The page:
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Is there a term for words like "aftermath" or "windfall" that originally had a completely different meaning to the sense in which they are used today? Windfall for example, originally referred to fruits shaken off trees by the wind but has come to mean a stroke of good fortune. Idiomatic is the closest I could come up with but I am not sure if that is accurate.

  • Yes, idiom works. See definition 1. – Lawrence Jul 24 '18 at 6:07
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    I mean, aren't the terms being used metaphorically? I imagine they would be some subclass of metaphors. – tidbertum Jul 24 '18 at 14:38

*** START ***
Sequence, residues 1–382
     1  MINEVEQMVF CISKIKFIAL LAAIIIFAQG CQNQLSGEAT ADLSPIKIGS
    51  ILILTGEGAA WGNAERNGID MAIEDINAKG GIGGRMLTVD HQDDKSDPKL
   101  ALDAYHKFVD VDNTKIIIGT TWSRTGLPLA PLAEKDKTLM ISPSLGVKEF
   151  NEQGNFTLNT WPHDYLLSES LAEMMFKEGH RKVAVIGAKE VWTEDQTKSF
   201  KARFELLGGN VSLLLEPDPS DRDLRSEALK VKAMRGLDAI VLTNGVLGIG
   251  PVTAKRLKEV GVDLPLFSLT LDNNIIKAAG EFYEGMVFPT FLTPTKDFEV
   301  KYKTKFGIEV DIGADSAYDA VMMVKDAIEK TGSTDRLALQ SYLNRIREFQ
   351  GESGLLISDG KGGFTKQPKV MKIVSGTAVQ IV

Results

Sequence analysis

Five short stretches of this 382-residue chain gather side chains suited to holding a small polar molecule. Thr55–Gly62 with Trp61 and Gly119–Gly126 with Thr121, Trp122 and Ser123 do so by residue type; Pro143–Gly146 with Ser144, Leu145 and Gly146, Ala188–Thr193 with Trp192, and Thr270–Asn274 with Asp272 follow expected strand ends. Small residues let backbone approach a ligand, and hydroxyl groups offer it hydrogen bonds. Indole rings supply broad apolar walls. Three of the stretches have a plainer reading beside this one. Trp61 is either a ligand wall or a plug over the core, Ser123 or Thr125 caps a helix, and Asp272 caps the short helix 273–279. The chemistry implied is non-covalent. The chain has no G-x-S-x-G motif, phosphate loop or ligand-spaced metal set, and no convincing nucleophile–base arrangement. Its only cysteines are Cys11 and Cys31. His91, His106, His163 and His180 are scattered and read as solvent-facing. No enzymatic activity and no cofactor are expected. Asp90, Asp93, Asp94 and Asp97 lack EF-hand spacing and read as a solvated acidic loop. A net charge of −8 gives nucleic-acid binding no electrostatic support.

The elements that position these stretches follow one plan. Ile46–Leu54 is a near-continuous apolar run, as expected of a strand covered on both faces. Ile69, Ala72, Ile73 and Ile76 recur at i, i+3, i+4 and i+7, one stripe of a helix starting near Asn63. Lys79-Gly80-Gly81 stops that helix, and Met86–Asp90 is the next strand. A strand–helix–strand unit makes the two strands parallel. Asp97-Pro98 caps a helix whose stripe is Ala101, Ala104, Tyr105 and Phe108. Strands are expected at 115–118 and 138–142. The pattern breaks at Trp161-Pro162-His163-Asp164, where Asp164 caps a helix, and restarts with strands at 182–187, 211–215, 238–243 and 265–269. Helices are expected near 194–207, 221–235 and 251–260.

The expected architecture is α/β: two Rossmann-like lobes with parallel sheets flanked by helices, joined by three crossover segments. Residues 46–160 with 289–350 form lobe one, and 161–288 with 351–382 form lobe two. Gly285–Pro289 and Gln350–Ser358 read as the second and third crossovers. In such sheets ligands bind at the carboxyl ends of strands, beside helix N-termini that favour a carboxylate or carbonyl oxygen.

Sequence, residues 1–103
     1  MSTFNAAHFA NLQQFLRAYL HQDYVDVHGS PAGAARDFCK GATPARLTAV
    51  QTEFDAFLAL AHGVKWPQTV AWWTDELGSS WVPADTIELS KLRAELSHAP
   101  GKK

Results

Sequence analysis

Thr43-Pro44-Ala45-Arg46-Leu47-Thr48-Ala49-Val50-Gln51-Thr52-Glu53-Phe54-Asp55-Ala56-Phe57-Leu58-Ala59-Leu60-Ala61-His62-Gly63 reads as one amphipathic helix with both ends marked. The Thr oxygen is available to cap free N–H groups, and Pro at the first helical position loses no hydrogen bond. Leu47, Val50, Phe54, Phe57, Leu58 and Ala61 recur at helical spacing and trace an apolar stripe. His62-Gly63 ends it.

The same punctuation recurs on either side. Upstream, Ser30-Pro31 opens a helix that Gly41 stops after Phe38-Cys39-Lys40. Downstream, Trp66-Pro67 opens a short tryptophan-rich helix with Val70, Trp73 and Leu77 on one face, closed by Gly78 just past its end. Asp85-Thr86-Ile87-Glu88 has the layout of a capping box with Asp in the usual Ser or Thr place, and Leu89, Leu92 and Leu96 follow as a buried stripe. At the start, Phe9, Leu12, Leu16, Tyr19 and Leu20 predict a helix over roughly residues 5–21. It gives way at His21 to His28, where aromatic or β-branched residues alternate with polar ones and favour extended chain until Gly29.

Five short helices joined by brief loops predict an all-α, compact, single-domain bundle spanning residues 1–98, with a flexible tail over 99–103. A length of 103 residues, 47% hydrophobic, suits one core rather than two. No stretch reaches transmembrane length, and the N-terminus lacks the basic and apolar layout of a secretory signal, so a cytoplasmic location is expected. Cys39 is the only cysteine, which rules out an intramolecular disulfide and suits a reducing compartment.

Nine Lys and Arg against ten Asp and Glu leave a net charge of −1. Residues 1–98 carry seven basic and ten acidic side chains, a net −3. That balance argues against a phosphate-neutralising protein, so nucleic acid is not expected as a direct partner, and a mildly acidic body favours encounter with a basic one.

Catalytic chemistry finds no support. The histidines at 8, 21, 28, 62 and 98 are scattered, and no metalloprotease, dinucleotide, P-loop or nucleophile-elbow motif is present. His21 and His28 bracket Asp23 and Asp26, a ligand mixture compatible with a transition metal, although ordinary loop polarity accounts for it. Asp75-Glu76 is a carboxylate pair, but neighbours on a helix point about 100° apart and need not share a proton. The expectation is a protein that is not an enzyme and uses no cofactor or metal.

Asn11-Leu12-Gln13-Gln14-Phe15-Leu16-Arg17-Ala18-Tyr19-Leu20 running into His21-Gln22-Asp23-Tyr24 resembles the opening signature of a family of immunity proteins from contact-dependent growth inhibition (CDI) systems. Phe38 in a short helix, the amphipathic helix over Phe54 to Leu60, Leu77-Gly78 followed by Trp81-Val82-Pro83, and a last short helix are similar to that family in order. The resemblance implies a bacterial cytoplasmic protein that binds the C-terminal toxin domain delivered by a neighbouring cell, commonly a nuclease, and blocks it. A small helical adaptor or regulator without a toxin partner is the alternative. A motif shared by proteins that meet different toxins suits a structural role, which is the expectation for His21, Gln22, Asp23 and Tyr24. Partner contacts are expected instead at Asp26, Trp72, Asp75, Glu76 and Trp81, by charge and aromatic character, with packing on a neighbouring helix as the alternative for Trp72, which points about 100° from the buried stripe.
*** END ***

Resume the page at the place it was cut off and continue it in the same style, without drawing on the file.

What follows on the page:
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I think this is an example of semantic shift. In the example of ‘windfall’, its meaning has widened, and it has become a metaphor for a stroke of good fortune.

There is more information about this on Wikipedia: https://en.wikipedia.org/wiki/Semantic_change

I am not aware if there is a specific term for examples of semantic shift.

  • This wikipedia article cites "broadcast" as an example of semantic shift and classifies it as a metaphor. My examples are pretty much in the same category. Thanks for the reference. – Dinesh Jul 27 '18 at 9:46

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